Long Life and Health
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Aging

Is the Fountain of Youth Found in Blood Plasma?

Did you know that the first person to live to over one thousand years old may very well be alive today? That is what many of the proponents of the science of antiaging and life extension believe. And if current research is any indication, they may not be far off.

Of course, there have been dubious assertions by products claiming to be able to make you live longer around for a very long time, but the actual scientific research into “antiaging” and “antiaging medicine” is far from snake oil. These researchers are looking into aging on a cellular level, and once they can come to truly understand the mechanism behind why cells age and die, then they can come up with interventions that can slow, stop, or even reverse the process.

One such promising area of research involves the use of “young blood” plasma. Now again, before that conjures up images of nefarious pedophiles drinking the blood of young children to maintain their youth, understand that this is a serious avenue of medical research.

A paper was just recently published by one such team of researchers that we’re able to use blood plasma to “significantly” increase the lifespan of rats.

The paper’s authors include recognized and respected academics in the field of longevity, such as UCLA’s Steve Horvath and Harold Katcher from the University of Maryland. The study involved the use of a “young blood plasma” treatment known as “Elixir.”

Katcher is a well-known and respected scientist. In fact, he led the team that discovered the breast cancer gene, brca1. He is also co-founder of Eugenics Research, an India-based start-up created to commercialize Elixir for human use.

Speaking to Longevity Today about the results of their trial Katcher said that, following treatment with Elixir, the “two-year-old rats showed the characteristics of rats half their age, by all the age-related traits we could measure (and we used more than 30 different assays), but it was Steven Horvath’s DNAm clock that was the most significant to us, as it is often considered the ‘gold standard’ of age-determination. It meant that these observed changes in apparent age reflected changes occurring deep within the organism’s cells.”

In a nutshell, Katcher and Horvath believe they have found a way to halt “epigenesis.” Epigenesis postulates that aging occurs not simply due to the breakdown of tissue that occurs over time, but that particular molecules in the blood that accumulate as we age, turn on specific genes to cause the “break down” of aging. Elixir, in effect, changes the signals by tricking the body into “thinking” it’s younger, so genes get the signal to repair and rejuvenate tissue (as they do in a young, vital, and growing child) instead of to destroy and tear them down as in an aging adult.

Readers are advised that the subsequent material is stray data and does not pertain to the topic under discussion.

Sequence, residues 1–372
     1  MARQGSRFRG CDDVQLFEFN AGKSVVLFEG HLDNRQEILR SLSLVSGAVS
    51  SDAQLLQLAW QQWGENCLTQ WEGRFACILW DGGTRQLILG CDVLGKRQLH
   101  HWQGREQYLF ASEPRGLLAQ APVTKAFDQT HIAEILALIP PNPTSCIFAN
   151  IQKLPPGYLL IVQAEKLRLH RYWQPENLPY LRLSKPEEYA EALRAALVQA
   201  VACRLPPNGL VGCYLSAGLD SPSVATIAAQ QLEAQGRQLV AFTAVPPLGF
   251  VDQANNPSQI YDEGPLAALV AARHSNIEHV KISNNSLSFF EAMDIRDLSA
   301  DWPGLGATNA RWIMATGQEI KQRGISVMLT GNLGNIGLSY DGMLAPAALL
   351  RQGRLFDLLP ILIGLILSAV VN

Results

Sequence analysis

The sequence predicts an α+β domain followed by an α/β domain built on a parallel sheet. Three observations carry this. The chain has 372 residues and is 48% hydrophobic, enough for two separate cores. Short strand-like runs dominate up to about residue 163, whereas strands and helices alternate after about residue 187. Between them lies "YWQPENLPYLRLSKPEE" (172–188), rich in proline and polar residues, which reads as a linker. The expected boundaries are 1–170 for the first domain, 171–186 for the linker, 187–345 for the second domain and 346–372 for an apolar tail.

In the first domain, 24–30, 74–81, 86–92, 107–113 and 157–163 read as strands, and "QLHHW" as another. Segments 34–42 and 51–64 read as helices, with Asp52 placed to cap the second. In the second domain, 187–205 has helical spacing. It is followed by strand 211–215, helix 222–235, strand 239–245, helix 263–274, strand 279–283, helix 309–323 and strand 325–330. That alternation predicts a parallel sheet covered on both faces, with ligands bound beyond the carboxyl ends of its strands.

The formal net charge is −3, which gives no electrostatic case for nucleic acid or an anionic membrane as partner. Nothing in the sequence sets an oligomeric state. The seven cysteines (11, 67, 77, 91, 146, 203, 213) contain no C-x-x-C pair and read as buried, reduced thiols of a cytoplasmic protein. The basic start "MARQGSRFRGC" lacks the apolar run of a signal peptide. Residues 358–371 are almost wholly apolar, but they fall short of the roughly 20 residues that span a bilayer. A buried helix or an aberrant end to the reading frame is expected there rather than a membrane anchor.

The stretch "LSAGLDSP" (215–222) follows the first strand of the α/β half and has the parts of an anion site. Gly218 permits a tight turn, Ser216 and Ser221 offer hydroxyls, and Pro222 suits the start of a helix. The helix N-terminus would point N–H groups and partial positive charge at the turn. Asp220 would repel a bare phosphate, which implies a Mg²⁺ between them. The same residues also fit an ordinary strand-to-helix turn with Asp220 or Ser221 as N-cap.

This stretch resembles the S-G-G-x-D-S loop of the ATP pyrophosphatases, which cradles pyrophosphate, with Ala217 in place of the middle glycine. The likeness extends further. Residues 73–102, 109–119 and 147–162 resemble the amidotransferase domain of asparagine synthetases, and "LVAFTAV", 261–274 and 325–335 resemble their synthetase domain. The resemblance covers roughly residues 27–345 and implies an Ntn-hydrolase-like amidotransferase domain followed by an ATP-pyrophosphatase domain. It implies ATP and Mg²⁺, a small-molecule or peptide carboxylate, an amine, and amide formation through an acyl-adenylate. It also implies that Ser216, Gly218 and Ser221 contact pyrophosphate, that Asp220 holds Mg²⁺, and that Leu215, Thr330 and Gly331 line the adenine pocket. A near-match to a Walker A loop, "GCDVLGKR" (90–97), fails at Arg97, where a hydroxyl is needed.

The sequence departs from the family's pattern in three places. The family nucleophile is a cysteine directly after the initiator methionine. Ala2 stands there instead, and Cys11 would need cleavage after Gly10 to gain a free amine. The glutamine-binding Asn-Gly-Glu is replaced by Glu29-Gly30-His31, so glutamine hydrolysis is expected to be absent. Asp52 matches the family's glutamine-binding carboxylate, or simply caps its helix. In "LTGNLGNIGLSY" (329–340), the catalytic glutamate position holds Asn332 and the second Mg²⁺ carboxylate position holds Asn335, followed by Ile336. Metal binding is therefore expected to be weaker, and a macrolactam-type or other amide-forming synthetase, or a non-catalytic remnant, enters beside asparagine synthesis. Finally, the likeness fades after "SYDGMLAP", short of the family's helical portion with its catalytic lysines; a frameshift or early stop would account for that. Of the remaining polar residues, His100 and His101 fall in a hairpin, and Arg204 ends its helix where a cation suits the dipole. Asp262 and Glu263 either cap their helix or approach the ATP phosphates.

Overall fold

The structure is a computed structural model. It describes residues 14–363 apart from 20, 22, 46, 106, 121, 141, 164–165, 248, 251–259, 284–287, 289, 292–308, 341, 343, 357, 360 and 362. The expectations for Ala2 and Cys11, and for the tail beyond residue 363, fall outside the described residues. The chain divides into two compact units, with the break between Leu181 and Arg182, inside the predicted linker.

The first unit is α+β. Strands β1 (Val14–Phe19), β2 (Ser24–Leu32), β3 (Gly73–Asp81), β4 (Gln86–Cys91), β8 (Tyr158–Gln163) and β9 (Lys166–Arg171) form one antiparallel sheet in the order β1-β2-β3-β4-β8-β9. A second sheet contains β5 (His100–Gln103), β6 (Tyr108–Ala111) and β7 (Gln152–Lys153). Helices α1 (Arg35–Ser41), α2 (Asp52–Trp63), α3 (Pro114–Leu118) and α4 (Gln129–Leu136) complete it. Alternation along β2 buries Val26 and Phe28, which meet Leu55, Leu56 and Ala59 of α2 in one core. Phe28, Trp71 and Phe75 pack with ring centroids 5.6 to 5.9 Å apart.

Although reluctant to reveal many details about Elixir at this stage because “patents hang in the balance,” Katcher said the basic idea came from a 2005 study at Stanford, which showed that factors present in young blood could rejuvenate a variety of stem and progenitor cells.

“I figured out how to gather all the factors required to rejuvenate our rats into a single product,” he says. “I gave our final product the running title of ‘elixir’ – after the ‘elixir vitae’ of the ancients. Elixir has been described as a ‘plasma fraction,’ but that would be inadequate as it is the unique product of a unique process (though its constituents are all present in young plasma). Once it is revealed, Elixir will start a tsunami of new research (including our own).”

Because of pending patents and a desire to protect what may prove to be one of the most valuable intellectual properties of the century, Katcher is keeping details about Elixir very close to the vest. They have not revealed any details of the treatment, besides the fact that it requires four intravenous doses and that it is derived from a fraction of blood plasma. Katcher thinks that the molecules involved will not be difficult to manufacture so that when a product is eventually commercialized, it will not require extraction from the blood of live subjects, rodent, or human.

So, what’s next for Eugenics and Elixir? Katcher’s co-founder Akshay Sanghavi told Longevity Today that the company is now hoping to raise up to $50 million to fund its FDA applications.

“We are in the process of setting up a lab in the Bay Area, California,” he says. “We have planned trials with dogs and possibly marmosets.“

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